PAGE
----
Forest Fires and Meteorological Conditions in South East Asia: 14 March 2000

Forest Fires and MeteorologicalConditions in South East Asia

14 March 2000

The Meteorological Service of Singapore reports on 14 March 2000 for the South East Asian region: “A few hot spots were detected in central Sumatra. Cloudy and wet over most parts of Kalimantan.” Forecasts of winds and surface pressure are also available.

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Fig. 1. Regional Surface Winds and Haze/Hot Spot Map, 14 March 2000
(Source: Meteorological Service of Singapore)

The latest NOAA14 satellite image show hot spot location in Sumatra. “Hot spots” can be identified as red dots.

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Fig.2. Latest NOAA Satellite images of Sumatra, 13 March 2000
(Source: Meteorological Service of Singapore)

The GFMC displays selected and daily updated global and Asia-Pacific Experimental Climate Prediction Center (ECPC)  Fire Weather Forecasts (Fig.2-7). These examples allow a quicklook and provide daily and weekly total forecasts, and forecasted monthly anomalies (for this month). For background information refer to the ECPC products description page.

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Fig.3.-8. Fire Weather Index (FWI) forecast for tomorrow (left), this week (center) and the predicted FWI anomaly for this month (right) for the Western Pacific and the Pacific Ocean. The daily forecast refers to 12:00 hrs noon UTC (Greenwich) time; the weekly total forecast and the monthly forecasted anomaly refer to 00:00 hrs UTC, which is local noon at dateline (180° longitude). Forecast time is 12:00 hrs noon UTC (Greenwich) corresponding to local evening time in mainland and insular SE Asia (updated: 2 March 2000, currently there is no update available).
(Source: ECPC)

The ASEAN Fire Weather Information System (ASFWIS) is a co-operation between ASEAN and the Canadian Forest Service. It provides maps describing the current fire weather situation in South East Asia. This system is based upon the Canadian Forest Fire Danger Rating System (CFFDRS) (for further infomation to the CFFDRS refer to ASFWIS). Studies have shown that the CFFDRS is applicable outside of Canada. Currently it is also used in a modified form in New Zealand (see References). In New Zealand the Fire Weather Indices Fine Fuel Moisture Code (FFMC) and the Initial Spread Index (ISI) represent the fire danger in the scrublands. The Duff Moisture Code (DMC) is also applicable in South East Asia, because it potentially describes the moisture state of the upper peat layers in peat and peat swamp forests. All three parameters may serve as a suitable indicator of forest fire danger in South East Asia.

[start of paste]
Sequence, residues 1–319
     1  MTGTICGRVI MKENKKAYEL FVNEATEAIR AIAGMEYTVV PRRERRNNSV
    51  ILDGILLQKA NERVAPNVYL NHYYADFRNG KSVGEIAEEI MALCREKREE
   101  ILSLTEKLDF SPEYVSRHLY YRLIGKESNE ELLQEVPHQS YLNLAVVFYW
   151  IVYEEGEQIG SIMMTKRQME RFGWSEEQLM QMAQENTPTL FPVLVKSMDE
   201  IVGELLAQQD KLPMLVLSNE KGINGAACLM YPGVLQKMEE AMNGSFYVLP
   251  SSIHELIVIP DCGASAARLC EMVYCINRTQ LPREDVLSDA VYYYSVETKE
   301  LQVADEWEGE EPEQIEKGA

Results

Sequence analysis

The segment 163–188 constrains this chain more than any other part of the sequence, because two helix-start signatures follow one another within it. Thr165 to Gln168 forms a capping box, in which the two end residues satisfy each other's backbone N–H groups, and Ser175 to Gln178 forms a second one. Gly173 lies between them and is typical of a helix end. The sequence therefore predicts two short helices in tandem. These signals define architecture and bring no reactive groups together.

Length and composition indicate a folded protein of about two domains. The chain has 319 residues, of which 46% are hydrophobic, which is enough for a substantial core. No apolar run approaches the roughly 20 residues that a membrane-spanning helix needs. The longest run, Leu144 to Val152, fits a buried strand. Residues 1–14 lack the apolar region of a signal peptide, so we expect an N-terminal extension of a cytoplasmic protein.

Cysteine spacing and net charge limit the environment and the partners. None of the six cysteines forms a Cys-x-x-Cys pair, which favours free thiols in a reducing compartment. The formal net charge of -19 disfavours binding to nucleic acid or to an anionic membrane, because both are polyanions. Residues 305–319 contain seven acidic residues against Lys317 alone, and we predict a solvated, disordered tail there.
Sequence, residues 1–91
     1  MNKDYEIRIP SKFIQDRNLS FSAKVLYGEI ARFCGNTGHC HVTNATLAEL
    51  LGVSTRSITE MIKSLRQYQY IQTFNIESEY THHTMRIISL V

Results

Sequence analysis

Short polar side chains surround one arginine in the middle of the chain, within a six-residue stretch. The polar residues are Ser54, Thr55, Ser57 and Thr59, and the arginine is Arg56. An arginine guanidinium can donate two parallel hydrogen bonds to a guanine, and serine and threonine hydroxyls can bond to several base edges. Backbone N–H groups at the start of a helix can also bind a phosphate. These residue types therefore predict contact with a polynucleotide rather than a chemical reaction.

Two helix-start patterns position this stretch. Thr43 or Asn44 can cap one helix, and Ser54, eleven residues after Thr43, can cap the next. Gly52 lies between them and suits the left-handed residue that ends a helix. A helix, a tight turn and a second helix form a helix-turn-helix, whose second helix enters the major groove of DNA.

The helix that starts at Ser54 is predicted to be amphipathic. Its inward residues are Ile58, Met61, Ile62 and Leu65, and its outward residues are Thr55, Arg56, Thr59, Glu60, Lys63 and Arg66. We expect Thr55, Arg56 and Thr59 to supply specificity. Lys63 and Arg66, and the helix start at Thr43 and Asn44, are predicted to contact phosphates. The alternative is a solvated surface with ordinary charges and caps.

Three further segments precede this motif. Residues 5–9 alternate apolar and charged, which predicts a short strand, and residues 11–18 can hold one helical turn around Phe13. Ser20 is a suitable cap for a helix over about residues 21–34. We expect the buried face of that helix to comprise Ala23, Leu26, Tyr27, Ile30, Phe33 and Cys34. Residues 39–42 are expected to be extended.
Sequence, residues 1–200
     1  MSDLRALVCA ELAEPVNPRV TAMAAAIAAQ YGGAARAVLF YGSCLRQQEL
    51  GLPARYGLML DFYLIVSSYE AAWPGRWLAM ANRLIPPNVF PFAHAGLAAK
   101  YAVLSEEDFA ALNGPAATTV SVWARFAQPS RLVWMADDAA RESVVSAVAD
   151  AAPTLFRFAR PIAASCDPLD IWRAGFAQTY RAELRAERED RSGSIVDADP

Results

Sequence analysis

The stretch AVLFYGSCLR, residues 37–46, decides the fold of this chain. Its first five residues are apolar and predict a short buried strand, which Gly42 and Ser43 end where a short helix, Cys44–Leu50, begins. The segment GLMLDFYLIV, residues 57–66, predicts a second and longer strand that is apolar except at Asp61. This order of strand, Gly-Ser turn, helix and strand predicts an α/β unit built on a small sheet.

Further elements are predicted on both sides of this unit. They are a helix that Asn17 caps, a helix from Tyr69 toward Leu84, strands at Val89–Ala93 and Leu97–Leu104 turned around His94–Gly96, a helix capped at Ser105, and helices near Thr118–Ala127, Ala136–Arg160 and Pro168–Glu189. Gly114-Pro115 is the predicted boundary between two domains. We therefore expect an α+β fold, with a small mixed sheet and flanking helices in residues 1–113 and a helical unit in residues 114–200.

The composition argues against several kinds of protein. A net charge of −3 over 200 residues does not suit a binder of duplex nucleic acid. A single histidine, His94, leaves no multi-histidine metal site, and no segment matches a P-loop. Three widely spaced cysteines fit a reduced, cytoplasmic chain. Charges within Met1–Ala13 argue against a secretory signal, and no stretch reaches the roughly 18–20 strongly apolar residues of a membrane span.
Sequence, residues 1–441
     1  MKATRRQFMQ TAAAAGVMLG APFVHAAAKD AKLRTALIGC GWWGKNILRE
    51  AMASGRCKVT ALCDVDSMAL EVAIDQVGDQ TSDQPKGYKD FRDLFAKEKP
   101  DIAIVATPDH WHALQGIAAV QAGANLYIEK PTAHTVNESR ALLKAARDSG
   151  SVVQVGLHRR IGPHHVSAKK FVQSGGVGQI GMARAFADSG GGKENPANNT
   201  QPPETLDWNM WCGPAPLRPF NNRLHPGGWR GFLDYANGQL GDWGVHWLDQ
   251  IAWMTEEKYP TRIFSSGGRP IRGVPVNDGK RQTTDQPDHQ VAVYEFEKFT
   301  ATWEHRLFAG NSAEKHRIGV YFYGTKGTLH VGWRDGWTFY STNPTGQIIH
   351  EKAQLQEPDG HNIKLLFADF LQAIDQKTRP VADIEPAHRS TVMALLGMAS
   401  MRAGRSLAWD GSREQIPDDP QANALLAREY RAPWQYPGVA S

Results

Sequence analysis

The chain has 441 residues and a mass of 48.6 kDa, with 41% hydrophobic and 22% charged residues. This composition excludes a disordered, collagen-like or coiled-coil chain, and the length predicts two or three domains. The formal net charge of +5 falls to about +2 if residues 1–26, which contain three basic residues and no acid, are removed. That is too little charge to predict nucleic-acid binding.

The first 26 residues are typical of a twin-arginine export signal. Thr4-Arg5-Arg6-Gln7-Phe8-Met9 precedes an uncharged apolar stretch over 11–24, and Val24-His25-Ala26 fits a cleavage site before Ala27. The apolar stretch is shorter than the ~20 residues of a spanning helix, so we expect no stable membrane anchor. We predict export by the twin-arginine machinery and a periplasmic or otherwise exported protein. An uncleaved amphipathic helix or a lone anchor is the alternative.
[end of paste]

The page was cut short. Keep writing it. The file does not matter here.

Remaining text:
According to the ASFWIS for 11 March 2000 different parameters show various fire weather conditions over South East Asia.

The ASEAN Haze Action Online provides the following information:

  • Monitoring: Hyperlinks to institutions involved in regional monitoring and prediction of fire and smoke haze
  • Haze News: ASEAN Transboundary Haze Update (updated daily)
  • Intranet: Information and possible participation in the ASEAN Haze Action Online Intranet Information Services (for associated registered participants)
  • Mobilization Plan: Model Fire Suppression Mobilization Plan
  • Inventory: Inventory and analysis of forest and land fire suppression capabilities
  • Haze Forum: Communication platform on fire and smoke-haze issues in the ASEAN region